In opposition to proposed pension cuts, hundreds of BBC journalist stage a 48 hour strike over the weekend and now plan to take further action, organising strikes for November 15 and 16 and more over the Christmas period.

The National Union of Journalists (NUJ), which has 4,100 members at the BBC, voted by a 70 percent majority to reject the cuts, which management says are needed to tackle a pension deficit of more than £1.5 billion.

An NUJ spokesperson said journalists would have to “pay more, work longer and receive lower pensions”. General Secretary Jeremy Dear declared, “NUJ members across the BBC have consistently dubbed the proposals a pensions robbery.”

A journalist picketing the BBC’s White City centre in London over the weekend explained to World Socialist Web Site reporters, “The BBC wants to dismantle the final salary pension scheme and has offered a career average scheme as a replacement. It offers little protection against the ravages of inflation. The staff are being asked to pay for what has been the largesse of BBC management over the last 10 to 20 years. They are all on six-figure salaries and massive pensions.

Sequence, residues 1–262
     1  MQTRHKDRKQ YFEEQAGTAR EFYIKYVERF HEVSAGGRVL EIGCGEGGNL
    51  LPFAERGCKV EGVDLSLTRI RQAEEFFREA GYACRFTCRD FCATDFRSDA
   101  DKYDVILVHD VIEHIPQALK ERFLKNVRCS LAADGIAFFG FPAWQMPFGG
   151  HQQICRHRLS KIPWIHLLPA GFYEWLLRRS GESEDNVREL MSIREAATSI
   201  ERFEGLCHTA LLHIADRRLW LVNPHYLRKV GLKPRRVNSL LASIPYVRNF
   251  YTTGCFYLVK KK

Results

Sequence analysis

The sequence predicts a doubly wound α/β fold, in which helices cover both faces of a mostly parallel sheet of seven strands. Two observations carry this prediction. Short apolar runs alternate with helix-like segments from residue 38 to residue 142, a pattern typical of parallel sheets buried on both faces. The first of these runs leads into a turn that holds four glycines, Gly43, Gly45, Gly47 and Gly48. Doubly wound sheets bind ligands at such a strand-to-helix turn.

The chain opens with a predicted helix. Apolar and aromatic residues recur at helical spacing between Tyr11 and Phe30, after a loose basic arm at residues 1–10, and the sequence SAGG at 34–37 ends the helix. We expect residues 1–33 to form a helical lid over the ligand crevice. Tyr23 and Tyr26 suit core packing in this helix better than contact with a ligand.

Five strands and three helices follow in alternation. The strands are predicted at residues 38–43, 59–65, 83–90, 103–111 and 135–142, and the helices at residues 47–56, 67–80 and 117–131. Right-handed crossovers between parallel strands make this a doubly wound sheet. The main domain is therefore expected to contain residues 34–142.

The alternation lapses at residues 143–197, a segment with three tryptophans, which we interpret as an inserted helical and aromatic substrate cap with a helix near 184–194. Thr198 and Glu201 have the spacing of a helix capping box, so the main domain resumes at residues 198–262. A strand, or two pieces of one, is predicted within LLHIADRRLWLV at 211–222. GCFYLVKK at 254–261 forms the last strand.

“It is the ordinary people at the BBC who are taking a massive hit. We think we are being used as a Trojan horse by the government, because if we accept the end of our pension scheme there is not much hope for the rest of the public sector. Next in the firing line will be council workers, teachers and civil servants.

In London, journalists picketed the Television Centre, White City and Broadcasting House where the vast majority of BBC staff are employed. Strike action also took place at the corporation’s seven regional centres in Belfast, Birmingham, Bristol, Cardiff, Glasgow, Leeds and Manchester and at numerous local offices.

The NUJ’s intention is to make a deal as long as benefits are not reduced “significantly”, as Dear made clear when he said, “BBC journalists are not asking for higher pensions. They are not even saying they wouldn’t consider paying more or working longer for a fair pension settlement.”